• Financial impact: The immediate and potentially high costs involved can significantly affect your financial situation.

Transitioning to a New Vehicle

Transitioning to a new vehicle through the same dealership can offer a seamless way to change your vehicle to better suit your current needs. This option involves ending your current car lease and either leasing a new vehicle or purchasing one from the dealership.


  • Convenience: Dealerships are often willing to facilitate the transition, making it a smooth process.
  • Potential incentives: You might be eligible for dealer or manufacturer incentives, reducing the overall cost of getting into a new vehicle.


  • Increased financial burden: The remaining balance from your current car lease might be rolled into your new lease or loan, potentially increasing your monthly payments.
  • Long-term commitment: You’re committing to a new vehicle and financial agreement, which might not align with your goal of reducing expenses.

Lease Trading or Swapping

Lease trading or swapping involves transferring the remainder of your car lease to another individual. This can be an effective way to exit your lease early if you can find someone interested in taking over the terms of your lease.


  • Cost savings: Can be more cost-effective than paying early termination fees, especially if you find someone to take over your lease quickly.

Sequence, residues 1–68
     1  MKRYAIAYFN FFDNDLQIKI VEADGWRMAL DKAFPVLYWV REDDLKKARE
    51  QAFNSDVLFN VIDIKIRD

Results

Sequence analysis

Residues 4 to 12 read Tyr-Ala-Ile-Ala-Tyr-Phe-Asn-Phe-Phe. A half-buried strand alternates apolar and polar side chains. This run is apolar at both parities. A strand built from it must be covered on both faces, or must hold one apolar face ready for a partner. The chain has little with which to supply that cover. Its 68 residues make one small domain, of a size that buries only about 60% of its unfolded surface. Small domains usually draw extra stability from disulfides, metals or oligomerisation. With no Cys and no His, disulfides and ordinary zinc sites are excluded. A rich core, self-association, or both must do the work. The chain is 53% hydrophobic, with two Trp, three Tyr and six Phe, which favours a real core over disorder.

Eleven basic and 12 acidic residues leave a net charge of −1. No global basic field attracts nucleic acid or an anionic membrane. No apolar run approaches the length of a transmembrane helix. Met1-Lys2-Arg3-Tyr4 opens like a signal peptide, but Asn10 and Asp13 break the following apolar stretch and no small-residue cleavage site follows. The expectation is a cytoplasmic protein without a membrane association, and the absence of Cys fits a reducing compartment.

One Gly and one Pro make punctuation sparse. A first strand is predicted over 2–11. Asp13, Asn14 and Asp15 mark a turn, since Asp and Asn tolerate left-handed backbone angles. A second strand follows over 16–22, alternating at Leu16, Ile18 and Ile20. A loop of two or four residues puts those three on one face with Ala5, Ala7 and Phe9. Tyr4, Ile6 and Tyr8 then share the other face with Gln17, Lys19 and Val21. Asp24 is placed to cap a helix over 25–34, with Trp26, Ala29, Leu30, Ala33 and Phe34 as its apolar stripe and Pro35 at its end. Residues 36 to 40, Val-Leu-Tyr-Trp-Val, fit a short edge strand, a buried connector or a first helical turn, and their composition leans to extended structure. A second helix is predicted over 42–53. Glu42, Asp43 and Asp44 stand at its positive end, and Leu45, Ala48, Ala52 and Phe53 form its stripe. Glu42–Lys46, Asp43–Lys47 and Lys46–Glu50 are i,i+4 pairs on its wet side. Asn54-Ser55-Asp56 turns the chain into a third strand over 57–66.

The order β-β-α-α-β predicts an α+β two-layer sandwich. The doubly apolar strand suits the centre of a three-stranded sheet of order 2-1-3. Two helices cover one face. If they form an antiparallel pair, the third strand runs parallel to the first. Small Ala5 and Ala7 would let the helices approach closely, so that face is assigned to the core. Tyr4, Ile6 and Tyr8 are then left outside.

• Freedom from payments: Successfully transferring your lease relieves you from the monthly payments and other lease obligations.


  • Potential fees and hassles: Listing your lease for transfer and completing the transfer process can involve fees and complexity.
  • Leasing company approval: The transfer is subject to the approval of the leasing company, which can introduce uncertainty.

Pull-Ahead Lease Offers

Pull-ahead lease offers are designed by dealerships and manufacturers to encourage lessees to end their current lease early and begin a new lease. These offers can be particularly attractive if you’re looking to upgrade or change vehicles without waiting for your current lease to end.


  • Financial incentives: Many of these programs waive the remaining payments on your current lease, offering a cost-effective way to transition to a new vehicle.
  • Smooth transition: Facilitates a hassle-free move to a new lease, often with minimal paperwork. It’s an excellent way for lessees to stay with the same brand or dealership.
  • Avoidance of lease-end costs: Potentially avoid costs associated with excess wear and tear or over-mileage fees.


  • Eligibility restrictions: Not all lessees will qualify for these programs, as eligibility often depends on the leasing company, payment history, or time left on the current lease.